Making it Work
Well, now that we’ve had some time in the clouds (so to speak), I feel like getting back to earthbound reality. I’ve been playing for a while with an interesting beta offering — an Identity Provider called SlashID.
SlashID calls itself an ‘untrusted’ provider – my interpretation of that is, you don’t have to trust that SlashID will accidentally or purposefully betray your data to anyone – because they store that data in encrypted format, with your user password as the key, and the unencrypted key is never in reach of SlashID servers. Similar to a service like HushMail, this should mean that SlashID is incapable of abuse or negligence (other than losing or corrupting your data en masse, I suppose).
Of course, there still is trust needed – you have to trust their code to not contain backdoors, legally coerced hacks, and so on (queue the evil music reminding us of HushMail’s recent issues). There is an excellent response to this and other issues (such as the relationship between SlashID and OAuth, or OpenID Security) on the SlashID blog, if you’re interested.
SlashID uses its own protocol specification, and they have a lot of information available on why they’ve gone in this direction, but what I like about this company, is that this is not a company who is trying to blindly make a business out of a technology — they understand the service they want to provide, and the value proposition for that service — and they are leveraging the technology that they feel is going to get them to their business objectives. I feel like this is a healthy, healthy approach.
I’ve got the SlashID Relying Party code running on one of my test blogs right now, so if you want to try out the service there, be my guest. One day, when I move my blog to my own domain, I’ll enable my blog as a permanent SlashID client. You need to register for a user account at SlashID before you can authenticate; once that is done, you can use your credentials at login screens where you see this logo: Just remember — these guys have NO way to get your account back if you forget your password, so make sure it is recoverable by you, yourself.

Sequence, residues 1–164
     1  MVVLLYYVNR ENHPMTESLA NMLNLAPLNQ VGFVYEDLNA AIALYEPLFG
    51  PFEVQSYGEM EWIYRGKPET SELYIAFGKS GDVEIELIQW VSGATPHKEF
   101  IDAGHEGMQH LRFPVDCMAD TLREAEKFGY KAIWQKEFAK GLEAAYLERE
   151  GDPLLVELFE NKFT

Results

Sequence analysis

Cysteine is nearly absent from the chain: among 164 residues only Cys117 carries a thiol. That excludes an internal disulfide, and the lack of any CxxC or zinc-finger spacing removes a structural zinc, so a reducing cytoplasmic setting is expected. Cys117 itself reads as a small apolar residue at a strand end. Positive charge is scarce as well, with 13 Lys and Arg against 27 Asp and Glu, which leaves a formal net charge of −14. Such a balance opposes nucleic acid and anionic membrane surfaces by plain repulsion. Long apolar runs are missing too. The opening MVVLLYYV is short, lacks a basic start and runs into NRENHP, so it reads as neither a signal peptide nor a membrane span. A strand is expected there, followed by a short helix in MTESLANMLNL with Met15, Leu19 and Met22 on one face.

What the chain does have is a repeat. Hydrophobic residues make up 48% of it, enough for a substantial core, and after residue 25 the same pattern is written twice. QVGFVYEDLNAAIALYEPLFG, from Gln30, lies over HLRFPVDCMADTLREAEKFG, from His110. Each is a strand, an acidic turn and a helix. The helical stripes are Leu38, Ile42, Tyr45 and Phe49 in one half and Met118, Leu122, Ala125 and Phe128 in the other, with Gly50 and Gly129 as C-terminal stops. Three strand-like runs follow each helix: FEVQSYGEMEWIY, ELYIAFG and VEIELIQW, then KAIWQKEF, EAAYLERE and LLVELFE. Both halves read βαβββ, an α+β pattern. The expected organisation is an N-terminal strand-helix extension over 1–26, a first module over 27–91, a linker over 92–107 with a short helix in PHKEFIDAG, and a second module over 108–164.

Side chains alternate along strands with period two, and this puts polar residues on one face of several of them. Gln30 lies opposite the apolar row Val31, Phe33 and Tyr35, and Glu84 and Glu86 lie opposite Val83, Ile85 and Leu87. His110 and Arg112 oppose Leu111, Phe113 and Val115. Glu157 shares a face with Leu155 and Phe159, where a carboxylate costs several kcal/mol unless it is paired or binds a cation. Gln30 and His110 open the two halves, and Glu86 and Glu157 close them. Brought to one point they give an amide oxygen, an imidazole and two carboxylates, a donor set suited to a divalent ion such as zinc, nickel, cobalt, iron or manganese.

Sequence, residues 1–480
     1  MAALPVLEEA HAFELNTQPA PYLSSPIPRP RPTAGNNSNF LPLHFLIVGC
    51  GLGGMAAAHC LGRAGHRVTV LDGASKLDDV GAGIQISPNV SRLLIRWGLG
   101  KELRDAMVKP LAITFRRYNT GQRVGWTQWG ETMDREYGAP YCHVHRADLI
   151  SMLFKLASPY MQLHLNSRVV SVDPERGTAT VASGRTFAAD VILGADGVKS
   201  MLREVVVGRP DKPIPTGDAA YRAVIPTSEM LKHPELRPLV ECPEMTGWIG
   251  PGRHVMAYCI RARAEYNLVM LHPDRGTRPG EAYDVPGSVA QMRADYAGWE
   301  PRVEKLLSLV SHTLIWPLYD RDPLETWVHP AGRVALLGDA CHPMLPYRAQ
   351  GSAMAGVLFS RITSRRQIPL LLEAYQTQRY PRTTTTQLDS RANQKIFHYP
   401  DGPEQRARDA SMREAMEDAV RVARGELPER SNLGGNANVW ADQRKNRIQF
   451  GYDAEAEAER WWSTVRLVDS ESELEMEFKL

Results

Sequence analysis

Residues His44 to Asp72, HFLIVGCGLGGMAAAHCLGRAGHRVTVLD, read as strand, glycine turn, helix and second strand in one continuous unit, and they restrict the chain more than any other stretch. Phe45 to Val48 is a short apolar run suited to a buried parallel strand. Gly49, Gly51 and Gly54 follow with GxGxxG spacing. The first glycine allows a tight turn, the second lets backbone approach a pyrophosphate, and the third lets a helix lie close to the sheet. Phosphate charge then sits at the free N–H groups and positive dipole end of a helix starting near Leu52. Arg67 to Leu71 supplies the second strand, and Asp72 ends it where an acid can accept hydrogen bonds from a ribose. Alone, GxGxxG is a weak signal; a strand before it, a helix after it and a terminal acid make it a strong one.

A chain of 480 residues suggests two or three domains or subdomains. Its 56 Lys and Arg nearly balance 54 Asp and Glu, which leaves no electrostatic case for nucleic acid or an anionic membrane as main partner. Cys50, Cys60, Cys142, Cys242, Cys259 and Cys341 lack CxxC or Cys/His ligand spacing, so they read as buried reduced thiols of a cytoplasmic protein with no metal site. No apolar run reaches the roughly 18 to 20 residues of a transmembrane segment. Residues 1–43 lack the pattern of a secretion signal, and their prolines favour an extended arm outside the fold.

I think that one of the biggest problems facing SlashID right now is identical to that of any company trying to offer mainstream products or services based on crypto: how do you make both the general user and the RP app owner understand the underlying paradigm well enough to make secure decisions and understand the consequences of their decisions, while still providing a user experience that isn’t too terrifying?
I’ve had a great time working with the SlashID guys on this – they are responsive and very interested in feedback, so if you have any to pass on and aren’t sure how to communicate it, drop me a line and I’ll make sure to pass it on.
Since you all probably won’t want to run off and register your own website while checking this stuff out, let me know if you’d like to see/play with either my RP setup at SlashID or on my blog — otherwise I’ll end off with a few screenshots of what it takes to set up a relying party with this technology (click on the image to get a bigger version)…
Configuring Attributes passed from IdP to RP at the IdP:
Configuring Crypto at the RP, via a WordPress Plugin: